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The Picture of Dorian Gray

Oscar Wilde

The Secret Doctrine, Volume I Cosmogenesis

H. P. Blavatsky

Darby O'Gill and the Little People

Hermenie Templeton Kavanagh

The Diplomatic Background of the War

Charles Seymour

Medical rubbing

by Walter Johnson


A few years later, we find Aristotle recommending as a remedy against weariness, rubbing with oil and water. (Prob. v. 6.) He also calls friction and warmth occasioned by gymnastic exercises, the "most liberal of the pleasures of touch." And we are told by Plutarch that Aristotle's pupil, Alexander, kept about his person one Athenophanes, whose business it was to rub the great conqueror, and to prepare his bath. Alexander's friends were not behind their master, for "they used fragrant ointment when they went to their inunction and bath," and they carried about with them rubbers, (triptai), and chamberlains.

Another incident in the life of Alexander is related by Plutarch, from which it appears that the Greek soothsayers gave to oil the same epithet as Plato, viz., "assuager of pain." The passage runs thus:—"For the chief of the bed-keepers, a Macedonian named Proxenos, while digging a place for the king's tent by the river Oxus, opened a well of oily and fatty fluid. But when the first portion had been drawn off, there immediately gushed forth pure and transparent oil, which seemed to differ from oil neither in smell nor taste, but was exactly like it in brilliancy and oiliness, and that, although the place bore no olive trees. Now the water of the Oxus itself is said to be extremely soft, so as to make the skin of those that bathe in it glisten. However, it was evident that Alexander was wonderfully cheered, from what he writes to Antipater, accounting this manifestation among the greatest that had been given him by the gods,—while the diviners held it to be a sign of a glorious but painful and difficult campaign; because oil was given by God to men to assuage their pains—ponon arogen."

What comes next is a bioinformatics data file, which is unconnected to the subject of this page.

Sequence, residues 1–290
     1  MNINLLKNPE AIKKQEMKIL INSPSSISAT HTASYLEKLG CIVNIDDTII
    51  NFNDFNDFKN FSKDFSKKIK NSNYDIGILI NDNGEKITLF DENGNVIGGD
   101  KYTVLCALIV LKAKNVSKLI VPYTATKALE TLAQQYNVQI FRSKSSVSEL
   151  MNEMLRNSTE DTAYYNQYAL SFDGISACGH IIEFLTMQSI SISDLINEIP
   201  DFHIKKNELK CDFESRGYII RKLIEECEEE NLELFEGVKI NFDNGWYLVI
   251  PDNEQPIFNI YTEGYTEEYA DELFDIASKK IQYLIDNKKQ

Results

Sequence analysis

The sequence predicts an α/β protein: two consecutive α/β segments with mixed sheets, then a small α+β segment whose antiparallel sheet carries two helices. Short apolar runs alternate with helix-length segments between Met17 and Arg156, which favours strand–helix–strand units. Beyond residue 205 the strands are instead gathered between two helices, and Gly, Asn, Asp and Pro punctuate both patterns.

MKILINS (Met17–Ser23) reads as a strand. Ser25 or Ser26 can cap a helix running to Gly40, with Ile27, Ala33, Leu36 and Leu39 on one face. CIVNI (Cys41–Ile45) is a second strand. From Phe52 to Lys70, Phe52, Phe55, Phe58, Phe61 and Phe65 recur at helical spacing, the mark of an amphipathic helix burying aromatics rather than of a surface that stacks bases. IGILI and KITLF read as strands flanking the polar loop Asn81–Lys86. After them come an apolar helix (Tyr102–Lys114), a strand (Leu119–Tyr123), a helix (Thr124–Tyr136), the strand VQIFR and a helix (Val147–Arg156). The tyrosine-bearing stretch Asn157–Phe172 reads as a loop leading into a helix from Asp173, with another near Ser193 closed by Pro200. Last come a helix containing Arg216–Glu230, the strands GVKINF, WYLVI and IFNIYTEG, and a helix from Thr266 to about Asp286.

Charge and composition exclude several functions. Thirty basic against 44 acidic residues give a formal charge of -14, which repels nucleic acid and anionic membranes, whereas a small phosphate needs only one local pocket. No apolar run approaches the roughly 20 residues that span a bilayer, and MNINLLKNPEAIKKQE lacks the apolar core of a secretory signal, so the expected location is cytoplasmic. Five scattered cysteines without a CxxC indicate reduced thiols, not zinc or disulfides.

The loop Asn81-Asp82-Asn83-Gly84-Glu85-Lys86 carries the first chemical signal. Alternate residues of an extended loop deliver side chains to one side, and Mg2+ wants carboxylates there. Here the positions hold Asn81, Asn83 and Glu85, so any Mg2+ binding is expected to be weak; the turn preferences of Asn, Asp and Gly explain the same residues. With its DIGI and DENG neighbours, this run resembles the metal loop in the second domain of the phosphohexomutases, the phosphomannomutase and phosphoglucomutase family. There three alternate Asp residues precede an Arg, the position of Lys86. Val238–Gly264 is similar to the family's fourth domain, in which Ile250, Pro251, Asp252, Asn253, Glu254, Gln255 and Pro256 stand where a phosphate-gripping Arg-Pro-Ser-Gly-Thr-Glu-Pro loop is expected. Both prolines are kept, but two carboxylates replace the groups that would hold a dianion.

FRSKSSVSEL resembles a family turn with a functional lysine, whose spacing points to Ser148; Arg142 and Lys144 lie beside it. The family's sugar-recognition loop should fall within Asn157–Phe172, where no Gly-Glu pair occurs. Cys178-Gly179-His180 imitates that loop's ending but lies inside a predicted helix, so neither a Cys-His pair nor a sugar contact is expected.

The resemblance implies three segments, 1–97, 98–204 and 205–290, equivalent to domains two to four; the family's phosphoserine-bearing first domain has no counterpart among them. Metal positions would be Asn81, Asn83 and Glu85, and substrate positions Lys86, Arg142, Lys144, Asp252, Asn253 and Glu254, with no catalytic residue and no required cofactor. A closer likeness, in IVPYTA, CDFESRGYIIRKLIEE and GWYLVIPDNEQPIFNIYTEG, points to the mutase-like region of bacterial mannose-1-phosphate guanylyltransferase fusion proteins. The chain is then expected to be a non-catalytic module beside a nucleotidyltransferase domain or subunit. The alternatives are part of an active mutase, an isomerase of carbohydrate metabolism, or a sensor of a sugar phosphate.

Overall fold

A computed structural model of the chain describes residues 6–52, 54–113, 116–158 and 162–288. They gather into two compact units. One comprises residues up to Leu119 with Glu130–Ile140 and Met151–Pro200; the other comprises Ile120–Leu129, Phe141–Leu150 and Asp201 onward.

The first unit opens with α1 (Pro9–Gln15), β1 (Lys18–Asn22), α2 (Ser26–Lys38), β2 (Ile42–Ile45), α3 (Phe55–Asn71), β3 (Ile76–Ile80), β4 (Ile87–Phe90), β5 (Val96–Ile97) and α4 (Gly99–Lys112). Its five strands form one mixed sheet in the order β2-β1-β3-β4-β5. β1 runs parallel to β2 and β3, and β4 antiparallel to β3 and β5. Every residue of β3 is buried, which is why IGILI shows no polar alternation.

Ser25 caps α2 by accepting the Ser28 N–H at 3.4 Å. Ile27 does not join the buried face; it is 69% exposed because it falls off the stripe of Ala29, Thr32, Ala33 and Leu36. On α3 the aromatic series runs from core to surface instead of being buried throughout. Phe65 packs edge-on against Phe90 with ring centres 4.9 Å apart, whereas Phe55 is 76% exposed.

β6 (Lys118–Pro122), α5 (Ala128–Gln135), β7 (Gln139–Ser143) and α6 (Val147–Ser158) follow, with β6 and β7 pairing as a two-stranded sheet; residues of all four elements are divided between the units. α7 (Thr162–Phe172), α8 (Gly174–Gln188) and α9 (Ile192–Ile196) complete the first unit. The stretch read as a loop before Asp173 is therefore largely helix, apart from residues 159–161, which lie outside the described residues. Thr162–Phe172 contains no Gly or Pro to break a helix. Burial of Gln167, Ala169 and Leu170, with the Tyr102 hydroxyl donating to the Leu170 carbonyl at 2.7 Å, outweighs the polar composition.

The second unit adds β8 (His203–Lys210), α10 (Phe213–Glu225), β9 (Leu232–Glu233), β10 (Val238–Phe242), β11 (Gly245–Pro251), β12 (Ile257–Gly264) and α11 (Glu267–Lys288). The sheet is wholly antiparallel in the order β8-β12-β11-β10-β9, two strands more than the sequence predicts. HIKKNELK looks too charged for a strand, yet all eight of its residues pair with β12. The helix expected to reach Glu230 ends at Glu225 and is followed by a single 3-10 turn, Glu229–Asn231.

A. Cornelius Celsus, a very learned author, who wrote in the reign of Augustus or Tiberius, devotes a chapter of his work on Medicine to the consideration of the effects and uses of friction. He recommends it in a very great variety of cases, as I shall show by appropriate citations by-and-by.

Claudius Galenus, of Pergamus, practised medicine in Rome in the time of the Emperors Hadrianus and Marcus Antoninus. One of his voluminous writings is called, "On the Preservation of Health." And in this treatise he has discussed at great length the hygienic properties of rubbing, as will appear in an after part of this work. Like Celsus, Galen recommends friction in an immense number of diseases—generally as auxiliary to other means.

But the Greeks and Romans were not the only members of the Aryan family who practised rubbing in the early ages. Strabo makes known to us the fact that the Indians, contemporary with Alexander, esteemed friction highly. "In the way of exercise," he says, "they think most highly of rubbing; and they polish their bodies smooth by ebony staves, and in other ways."—Strabo, xv., 709, cas.

Again, speaking of the manner in which their king received foreign ambassadors, he states:—" This is the rubbing with staves; for he listens and is rubbed at one and the same time. And there are four rubbers standing by."

How strange to find the same custom of rubbing still prevailing in India, that land of immutable tradition. In the "Private Life of an Eastern King," we read p. 188, "Let us take a glance at the Padshah Begum and her retinue, as she repairs to the holy Durgah to pray there. host of

covered carriages of all kinds follow the eunuch, containing the ladies of the Padshah Begum's Court, * * * * the whole number of ladies so borne not being less than from a hundred and fifty to two hundred. You ask, What do they all do? The answer is: They do all sorts of things. Some of them are professed story-tellers. * * * Others shampoo well, and are so employed for hours every day. Others," &c. &c. But it needs not the testimony of this writer to tell us, for all the world knows, that shampooing is an universal habit in India, and is almost as necessary to the native, rich or poor, as food.

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